The U.S. Air Force (song)

From Wikipedia, the free encyclopedia
Jump to: navigation, search

"The U.S. Air Force" is the official song of the United States Air Force.

Originally, the song was titled as "Army Air Corps". Robert MacArthur Crawford wrote the lyrics and music during 1938.[1] During World War II, the service was renamed "Army Air Force", and the song title changed to agree.

In 1947, when the Air Force became a separate service, the song became the "Air Force Song".

Lyrics[edit]

(chorus I)

OFF we go into the wild blue yonder,
Climbing high into the sun
Here they come zooming to meet our thunder
At 'em boys, Give 'er the gun!
Down we dive, spouting our flame from under
Off with one helluva roar!
We live in fame or go down in flame. Hey!
Nothing can stop the U.S. Air Force!

(chorus II)

Minds of men fashioned a crate of thunder
Sent it high into the blue
Hands of men blasted the world a-sunder
How they lived God only knew!
Souls of men dreaming of skies to conquer
Gave us wings, ever to soar!
With scouts before And bombers galore.
Nothing can stop the U.S. Air Force!

(verse)

Here's a toast to the host
Of those who love the vastness of the sky,
To a friend we send a message of his brother men who fly.
We drink to those who gave their all of old
Then down we roar to score the rainbow's pot of gold.
A toast to the host of men we boast, the U.S. Air Force!

(Chorus III)

Off we go into the wild sky yonder,
Keep the wings level and true
If you'd live to be a grey-haired wonder
Keep the nose out of the blue!
Flying men, guarding the nation's border,
we'll be there followed by more!
In echelon we carry on, Hey!
Nothing'll stop the Air Force!
Nothing'll stop the U.S. Air Force!

History[edit]

In 1937, Assistant Chief of the Air Corps Brig. Gen. Henry H. Arnold persuaded the Chief of the Air Corps, Maj. Gen. Oscar Westover, that the Air Corps needed an official song reflecting their unique identity in the same manner as the other military services, and proposed a song competition with a prize to the winner. However, the Air Corps did not control its budget, and could not give a prize. In April 1938, Bernarr A. Macfadden, publisher of Liberty magazine stepped in, offering a prize of $1,000 to the winning composer, stipulating that the song must be of simple "harmonic structure", "within the limits of [an] untrained voice", and its beat in "march tempo of military pattern".[1]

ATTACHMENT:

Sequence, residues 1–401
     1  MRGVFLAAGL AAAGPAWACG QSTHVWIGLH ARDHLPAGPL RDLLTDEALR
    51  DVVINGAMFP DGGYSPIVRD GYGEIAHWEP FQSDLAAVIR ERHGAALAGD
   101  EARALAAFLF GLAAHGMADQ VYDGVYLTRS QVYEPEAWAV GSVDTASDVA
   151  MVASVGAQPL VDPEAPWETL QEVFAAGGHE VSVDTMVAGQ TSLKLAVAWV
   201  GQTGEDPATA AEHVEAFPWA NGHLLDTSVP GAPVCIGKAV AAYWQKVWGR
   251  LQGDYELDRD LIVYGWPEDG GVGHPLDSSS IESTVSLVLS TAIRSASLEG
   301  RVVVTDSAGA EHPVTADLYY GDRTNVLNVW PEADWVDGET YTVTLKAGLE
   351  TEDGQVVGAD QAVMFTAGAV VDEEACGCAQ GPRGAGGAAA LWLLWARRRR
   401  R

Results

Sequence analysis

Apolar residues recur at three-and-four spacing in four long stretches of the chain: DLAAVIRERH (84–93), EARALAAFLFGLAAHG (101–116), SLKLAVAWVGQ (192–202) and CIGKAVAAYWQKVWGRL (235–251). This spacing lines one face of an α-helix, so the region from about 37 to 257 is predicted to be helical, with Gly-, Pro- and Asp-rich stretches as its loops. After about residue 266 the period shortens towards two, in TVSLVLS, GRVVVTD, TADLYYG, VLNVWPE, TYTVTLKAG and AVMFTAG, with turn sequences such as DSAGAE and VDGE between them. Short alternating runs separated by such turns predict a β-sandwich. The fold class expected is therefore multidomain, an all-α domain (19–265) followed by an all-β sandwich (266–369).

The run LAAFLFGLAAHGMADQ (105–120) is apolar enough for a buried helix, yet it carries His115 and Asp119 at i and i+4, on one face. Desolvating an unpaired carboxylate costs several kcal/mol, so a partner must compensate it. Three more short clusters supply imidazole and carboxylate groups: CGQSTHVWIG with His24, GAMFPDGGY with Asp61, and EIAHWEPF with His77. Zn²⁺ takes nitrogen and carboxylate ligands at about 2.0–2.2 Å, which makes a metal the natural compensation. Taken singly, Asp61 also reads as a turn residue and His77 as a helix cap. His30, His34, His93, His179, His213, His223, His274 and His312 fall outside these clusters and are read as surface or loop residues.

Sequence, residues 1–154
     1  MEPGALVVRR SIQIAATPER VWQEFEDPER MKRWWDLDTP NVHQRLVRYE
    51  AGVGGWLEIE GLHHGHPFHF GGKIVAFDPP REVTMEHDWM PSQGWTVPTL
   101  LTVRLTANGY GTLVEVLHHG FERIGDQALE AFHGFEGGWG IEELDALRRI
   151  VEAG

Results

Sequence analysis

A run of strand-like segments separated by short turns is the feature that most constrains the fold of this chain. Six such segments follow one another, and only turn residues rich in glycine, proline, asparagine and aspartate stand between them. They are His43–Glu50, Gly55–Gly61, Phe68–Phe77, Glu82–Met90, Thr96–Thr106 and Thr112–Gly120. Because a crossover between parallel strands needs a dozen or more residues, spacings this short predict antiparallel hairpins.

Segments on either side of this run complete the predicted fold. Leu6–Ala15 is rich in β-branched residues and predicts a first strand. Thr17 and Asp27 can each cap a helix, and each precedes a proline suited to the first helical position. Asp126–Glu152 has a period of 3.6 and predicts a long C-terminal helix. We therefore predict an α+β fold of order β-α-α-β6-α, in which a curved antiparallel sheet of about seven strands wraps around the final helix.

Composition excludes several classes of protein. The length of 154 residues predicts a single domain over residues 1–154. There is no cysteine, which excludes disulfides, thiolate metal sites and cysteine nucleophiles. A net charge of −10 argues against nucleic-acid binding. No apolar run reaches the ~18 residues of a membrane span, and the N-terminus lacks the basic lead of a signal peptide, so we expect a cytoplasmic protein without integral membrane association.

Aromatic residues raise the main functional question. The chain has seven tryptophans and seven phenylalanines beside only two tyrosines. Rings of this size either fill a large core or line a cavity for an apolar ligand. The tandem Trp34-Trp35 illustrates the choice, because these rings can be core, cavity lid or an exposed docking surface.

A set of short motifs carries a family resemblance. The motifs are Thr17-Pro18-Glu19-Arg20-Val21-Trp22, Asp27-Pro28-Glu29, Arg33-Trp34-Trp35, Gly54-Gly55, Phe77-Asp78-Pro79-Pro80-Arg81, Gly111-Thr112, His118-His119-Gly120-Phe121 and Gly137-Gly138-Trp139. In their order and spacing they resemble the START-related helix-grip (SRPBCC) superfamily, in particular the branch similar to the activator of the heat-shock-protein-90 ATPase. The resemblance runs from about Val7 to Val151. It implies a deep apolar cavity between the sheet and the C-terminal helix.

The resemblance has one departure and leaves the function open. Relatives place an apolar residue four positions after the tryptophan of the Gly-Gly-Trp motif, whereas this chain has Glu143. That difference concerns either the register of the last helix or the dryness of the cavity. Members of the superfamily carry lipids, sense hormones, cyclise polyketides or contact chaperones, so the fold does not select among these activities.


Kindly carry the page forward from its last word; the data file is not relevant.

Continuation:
Over 700 compositions were received and evaluated by a volunteer committee of senior Air Corps wives with musical backgrounds chaired by Mildred Yount, the wife of Brig. Gen. Barton K. Yount. The committee had until July 1939 to make a final choice. However, word eventually spread that the committee did not find any songs that satisfied them, despite the great number of entries. Arnold, who became Chief of the Air Corps in 1938 after Westover was killed in a plane crash, solicited direct inquiries from professional composers and commercial publishers, including Meredith Willson and Irving Berlin, but not even Berlin's creation proved satisfactory, although it was used as the title music to Winged Victory by Moss Hart. Two days before the deadline, Crawford, a music instructor, aviation enthusiast, and professional musician billed as "the Flying Baritone," personally delivered a sound recording of his entry, which proved to be a unanimous winner. Mrs. Yount recalled that Rudolph Ganz, guest conductor of the National Symphony Orchestra and a consultant to the committee, was immediately and enthusiastically in favor of the winner.[1]

The contest rules required the winner to submit his entry in written form, and Crawford immediately complied. However his original title, What Do You think of the Air Corps Now?, was soon officially changed to The Army Air Corps. Crawford himself publicly sang the song for the first time over national radio from the 1939 National Air Races.[1]

Not everyone was fond of the song. During a dinner of September 1939, Mrs. Yount played a recording of the song for Charles Lindbergh and asked his opinion. He responded politely to Yount, but years later remarked in a diary, "I think it is mediocre at best. Neither the music nor the words appealed to me." Arnold did not share Lindbergh's opinion: he sought to fund publication of band and ensemble arrangements of the song for nationwide distribution. However, the Air Corps did not have enough money to publicize the song, so Crawford arranged a transfer of the song's copyright to New York music publisher Carl Fischer Inc., including a perpetual performance release in favor of the U.S. Air Force.

Additional songs[edit]